After Saudi Arabia became the first country in the world to grant a robot citizenship this week, critics were quick to point out that Saudi women are still denied basic rights and dignities under the country's notorious guardianship system.
Image courtesy of Saudi CIC
This week, Saudi Arabia became the first country in the world to grant citizenship to a robot. Named Sophia, the robot was announced as a Saudi citizen at the Future Investment Initiative summit on Wednesday in Riyadh by CNBC anchor and panel moderator Andrew Ross Sorkin. "I'd like to thank very much the Kingdom of Saudi Arabia," Sophia said to the audience from behind a podium. "I am very honored and proud for this unique distinction."
Sophia was created by Hanson Robotics in Hong Kong and first activated in April of 2015. She is a white woman robot whose human-like appearance is almost completely believable when she's wearing a wig. Her "skin" stops just after her forehead and behind her ears, exposing mechanics where we humans have brains. On its webpage dedicated to Sophia, the robotics company offers a meticulous description of her appearance unlike that of her fellow "male" robots: "Designed to look like Audrey Hepburn, Sophia embodies Hepburn's classic beauty: porcelain skin, a slender nose, high cheekbones, an intriguing smile, and deeply expressive eyes that seem to change color with the light." Since her activation, Sophia has become quite the accomplished machine, appearing on the cover of Elle Brazil and on The Tonight Show Starring Jimmy Fallon. She's even had a high-profile feud with billionaire Elon Musk, a staunch critic of artificial intelligence who's warned that the technology could lead to the next world war.
Inside the King Abdullah International Conference Center where the summit took place, Sophia's citizenship announcement was met with cheers and applause. Once news spread, however, many of Sophia's fellow Saudi citizens were less enthused. Some claimed that the robot was already being granted rights that actual Saudi women do not have. For one, Sophia presented to a large group of men dressed in neither a headscarf nor an abaya, the traditionally black loose-fitting garment worn by Saudi women. In the past, Saudi women have been arrested for so much as posting a picture of themselves without these garments on.
On Twitter, women wondered where Sophia's male guardian was and if she was required to have one as all Saudi women are under the country's guardianship system. Following the announcement on Wednesday, the hashtag #صوفيا_تطالب_باسقاط_الولايه or #sophia_demands_that_guardianship_be_dropped gained traction. "I want to become Sophia one day and get my rights," tweeted one Saudi woman under the hashtag.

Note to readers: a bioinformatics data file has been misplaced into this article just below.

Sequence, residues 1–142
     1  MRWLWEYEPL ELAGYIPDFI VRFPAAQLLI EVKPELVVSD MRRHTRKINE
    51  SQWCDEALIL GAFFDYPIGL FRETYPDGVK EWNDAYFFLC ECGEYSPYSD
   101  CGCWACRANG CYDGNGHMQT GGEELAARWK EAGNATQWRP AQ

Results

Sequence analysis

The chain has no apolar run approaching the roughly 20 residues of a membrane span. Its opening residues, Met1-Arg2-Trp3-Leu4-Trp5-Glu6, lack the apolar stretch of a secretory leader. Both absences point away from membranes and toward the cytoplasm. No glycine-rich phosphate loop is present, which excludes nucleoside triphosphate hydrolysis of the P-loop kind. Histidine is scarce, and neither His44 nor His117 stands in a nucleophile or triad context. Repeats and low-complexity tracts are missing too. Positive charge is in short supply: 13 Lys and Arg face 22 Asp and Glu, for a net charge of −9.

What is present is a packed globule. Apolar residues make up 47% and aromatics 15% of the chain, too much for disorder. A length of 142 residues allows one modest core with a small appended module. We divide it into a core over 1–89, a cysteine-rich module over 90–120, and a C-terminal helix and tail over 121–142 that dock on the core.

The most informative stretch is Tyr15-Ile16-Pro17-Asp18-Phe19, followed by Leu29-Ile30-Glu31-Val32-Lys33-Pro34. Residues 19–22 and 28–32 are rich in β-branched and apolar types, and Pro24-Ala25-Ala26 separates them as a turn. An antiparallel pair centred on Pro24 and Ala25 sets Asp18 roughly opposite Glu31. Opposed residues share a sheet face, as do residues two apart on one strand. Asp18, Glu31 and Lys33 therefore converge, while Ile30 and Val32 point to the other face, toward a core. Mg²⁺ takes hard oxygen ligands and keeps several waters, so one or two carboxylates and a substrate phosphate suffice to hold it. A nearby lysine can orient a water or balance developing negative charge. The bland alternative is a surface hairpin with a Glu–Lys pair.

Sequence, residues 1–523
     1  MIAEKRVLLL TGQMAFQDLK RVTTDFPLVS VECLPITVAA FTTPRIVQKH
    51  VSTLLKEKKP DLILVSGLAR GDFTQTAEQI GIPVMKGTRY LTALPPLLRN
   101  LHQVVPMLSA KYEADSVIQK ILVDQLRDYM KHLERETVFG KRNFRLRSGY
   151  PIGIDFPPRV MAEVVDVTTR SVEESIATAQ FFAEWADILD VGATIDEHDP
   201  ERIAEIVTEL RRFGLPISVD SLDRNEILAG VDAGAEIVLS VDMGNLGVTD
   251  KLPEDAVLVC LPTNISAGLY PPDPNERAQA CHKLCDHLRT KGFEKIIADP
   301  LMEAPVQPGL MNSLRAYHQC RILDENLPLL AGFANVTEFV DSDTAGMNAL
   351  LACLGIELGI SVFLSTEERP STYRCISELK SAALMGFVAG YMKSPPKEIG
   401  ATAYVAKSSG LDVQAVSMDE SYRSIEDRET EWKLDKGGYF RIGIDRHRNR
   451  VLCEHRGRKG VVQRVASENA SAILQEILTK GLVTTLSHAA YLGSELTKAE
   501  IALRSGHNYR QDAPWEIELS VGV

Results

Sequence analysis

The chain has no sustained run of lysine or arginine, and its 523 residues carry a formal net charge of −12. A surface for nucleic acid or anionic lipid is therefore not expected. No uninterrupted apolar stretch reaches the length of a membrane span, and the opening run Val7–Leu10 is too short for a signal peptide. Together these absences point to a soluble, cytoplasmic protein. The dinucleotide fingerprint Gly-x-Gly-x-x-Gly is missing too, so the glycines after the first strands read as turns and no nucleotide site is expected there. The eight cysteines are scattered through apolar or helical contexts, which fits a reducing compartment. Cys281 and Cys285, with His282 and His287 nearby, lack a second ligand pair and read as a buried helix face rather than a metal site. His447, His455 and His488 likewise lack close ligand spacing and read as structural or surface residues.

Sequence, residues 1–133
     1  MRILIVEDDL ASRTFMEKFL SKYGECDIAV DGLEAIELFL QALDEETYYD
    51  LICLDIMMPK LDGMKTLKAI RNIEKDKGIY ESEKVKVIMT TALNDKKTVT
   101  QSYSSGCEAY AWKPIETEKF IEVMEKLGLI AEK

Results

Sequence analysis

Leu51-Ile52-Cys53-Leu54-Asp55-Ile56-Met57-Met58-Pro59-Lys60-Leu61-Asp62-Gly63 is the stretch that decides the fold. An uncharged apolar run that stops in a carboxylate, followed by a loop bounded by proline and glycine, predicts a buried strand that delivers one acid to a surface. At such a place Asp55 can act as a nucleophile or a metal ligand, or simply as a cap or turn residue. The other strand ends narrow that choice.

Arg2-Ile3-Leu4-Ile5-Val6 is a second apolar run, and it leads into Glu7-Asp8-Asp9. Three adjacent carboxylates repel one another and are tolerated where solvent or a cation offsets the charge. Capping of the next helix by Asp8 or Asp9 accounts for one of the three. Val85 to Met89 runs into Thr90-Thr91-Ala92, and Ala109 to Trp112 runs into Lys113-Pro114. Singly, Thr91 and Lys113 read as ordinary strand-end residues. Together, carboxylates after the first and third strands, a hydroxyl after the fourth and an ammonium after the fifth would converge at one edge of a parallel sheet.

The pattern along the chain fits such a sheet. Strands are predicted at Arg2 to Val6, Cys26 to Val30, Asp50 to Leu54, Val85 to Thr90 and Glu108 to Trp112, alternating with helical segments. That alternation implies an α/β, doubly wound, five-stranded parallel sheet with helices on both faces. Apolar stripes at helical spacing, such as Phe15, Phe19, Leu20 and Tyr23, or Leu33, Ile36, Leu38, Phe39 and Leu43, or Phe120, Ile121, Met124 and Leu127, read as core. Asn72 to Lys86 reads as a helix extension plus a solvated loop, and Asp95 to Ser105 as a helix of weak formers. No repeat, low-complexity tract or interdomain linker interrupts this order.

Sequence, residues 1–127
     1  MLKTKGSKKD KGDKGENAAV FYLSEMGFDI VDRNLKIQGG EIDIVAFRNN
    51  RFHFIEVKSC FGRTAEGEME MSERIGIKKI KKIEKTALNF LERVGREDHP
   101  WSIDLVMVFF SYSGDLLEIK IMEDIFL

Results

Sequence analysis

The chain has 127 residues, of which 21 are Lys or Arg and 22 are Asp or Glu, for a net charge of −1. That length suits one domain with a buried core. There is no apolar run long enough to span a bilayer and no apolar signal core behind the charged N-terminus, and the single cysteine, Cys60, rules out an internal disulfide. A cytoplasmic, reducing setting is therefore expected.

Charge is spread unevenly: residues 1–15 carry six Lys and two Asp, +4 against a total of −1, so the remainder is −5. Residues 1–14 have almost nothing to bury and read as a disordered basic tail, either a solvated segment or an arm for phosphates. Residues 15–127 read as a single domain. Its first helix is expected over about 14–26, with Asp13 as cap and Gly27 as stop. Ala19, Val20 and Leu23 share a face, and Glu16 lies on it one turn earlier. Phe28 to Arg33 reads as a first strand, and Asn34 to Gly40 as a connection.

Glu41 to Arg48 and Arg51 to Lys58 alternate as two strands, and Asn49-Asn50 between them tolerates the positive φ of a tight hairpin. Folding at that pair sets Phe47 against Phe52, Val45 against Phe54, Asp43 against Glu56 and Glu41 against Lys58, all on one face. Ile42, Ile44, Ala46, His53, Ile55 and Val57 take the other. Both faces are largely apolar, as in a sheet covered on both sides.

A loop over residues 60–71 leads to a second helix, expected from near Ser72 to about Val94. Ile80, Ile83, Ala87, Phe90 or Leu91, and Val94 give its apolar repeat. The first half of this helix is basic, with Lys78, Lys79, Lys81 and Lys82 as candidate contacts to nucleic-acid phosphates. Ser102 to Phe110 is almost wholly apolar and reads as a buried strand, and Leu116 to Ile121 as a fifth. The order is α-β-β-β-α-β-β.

Others condemned the country for granting citizenship to a robot when its citizenship laws for humans remain extremely strict and are criticized by human rights organizations globally. Women who are citizens of Saudi Arabia cannot pass on their nationality to their children or their spouses. Further, the KSA has a history of treating its population of over 9 million foreign workers very poorly, refusing them citizenship and the ability to leave the country freely.
Broadly reached out to the Saudi CIC to ask whether Sophia will be held to the same legal standards that actual Saudi women are. This post will be updated with their response.
Sophia's citizenship comes at a pivotal point in Saudi Arabia's history, as the country is aiming to position itself as a world leader in lifestyle and technological advancement. In the past year, the country has relaxed its guardianship laws and announced that women will be allowed to drive beginning in the summer of 2018. Earlier this week, Saudi Prince Mohammad bin Salman bin Abdulaziz Al Saud made two huge announcements: First, that he plans to return the KSA to "the moderate Islam that is open to the world," and second, that he plans to build a $500 billion mega-city called NEOM from scratch that will be unlike anything the world has ever seen. Experts have speculated that these two announcements are very much related. According to a press release provided to Broadly by Saudi Arabia's Center for International Communication (CIC), "Robotics will be a big feature of NEOM."